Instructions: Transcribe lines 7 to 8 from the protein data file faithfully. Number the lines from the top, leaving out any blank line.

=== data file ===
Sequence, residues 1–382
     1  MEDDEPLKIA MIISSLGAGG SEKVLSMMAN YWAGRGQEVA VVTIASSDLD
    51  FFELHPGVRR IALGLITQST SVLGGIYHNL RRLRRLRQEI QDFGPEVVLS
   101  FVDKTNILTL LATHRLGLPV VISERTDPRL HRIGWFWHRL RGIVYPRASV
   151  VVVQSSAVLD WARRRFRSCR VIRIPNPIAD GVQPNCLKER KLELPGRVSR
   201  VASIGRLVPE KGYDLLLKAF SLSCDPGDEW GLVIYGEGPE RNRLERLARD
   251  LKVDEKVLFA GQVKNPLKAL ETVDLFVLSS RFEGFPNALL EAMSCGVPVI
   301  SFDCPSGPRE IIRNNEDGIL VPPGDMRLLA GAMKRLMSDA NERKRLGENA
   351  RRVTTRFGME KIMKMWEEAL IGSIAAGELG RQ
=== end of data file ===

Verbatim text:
   251  LKVDEKVLFA GQVKNPLKAL ETVDLFVLSS RFEGFPNALL EAMSCGVPVI
   301  SFDCPSGPRE IIRNNEDGIL VPPGDMRLLA GAMKRLMSDA NERKRLGENA